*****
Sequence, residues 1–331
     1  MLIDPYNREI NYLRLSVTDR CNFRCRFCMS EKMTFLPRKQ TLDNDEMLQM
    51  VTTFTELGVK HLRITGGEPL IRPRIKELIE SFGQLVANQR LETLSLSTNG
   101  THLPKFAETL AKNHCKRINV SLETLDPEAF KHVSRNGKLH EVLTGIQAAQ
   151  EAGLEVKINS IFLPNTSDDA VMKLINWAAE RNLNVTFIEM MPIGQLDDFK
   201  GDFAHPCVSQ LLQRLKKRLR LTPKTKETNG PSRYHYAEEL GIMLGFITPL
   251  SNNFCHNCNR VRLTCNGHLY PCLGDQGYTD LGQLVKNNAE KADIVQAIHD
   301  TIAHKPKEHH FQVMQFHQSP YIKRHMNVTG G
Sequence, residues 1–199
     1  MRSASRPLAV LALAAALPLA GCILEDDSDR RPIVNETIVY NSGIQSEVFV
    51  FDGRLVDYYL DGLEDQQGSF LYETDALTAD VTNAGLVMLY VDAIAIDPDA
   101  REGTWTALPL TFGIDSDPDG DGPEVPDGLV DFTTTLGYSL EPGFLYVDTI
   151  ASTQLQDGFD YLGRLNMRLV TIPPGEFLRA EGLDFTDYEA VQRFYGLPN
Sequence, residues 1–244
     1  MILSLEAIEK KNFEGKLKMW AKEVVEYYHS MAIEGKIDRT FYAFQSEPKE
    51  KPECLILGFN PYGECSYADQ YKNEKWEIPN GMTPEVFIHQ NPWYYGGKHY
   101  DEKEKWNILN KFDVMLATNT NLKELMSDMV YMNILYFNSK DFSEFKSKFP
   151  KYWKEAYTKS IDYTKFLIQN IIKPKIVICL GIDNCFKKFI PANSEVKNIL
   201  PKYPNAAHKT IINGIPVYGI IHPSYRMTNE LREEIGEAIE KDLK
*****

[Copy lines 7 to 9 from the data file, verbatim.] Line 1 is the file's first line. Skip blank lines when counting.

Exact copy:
   251  SNNFCHNCNR VRLTCNGHLY PCLGDQGYTD LGQLVKNNAE KADIVQAIHD
   301  TIAHKPKEHH FQVMQFHQSP YIKRHMNVTG G
Sequence, residues 1–199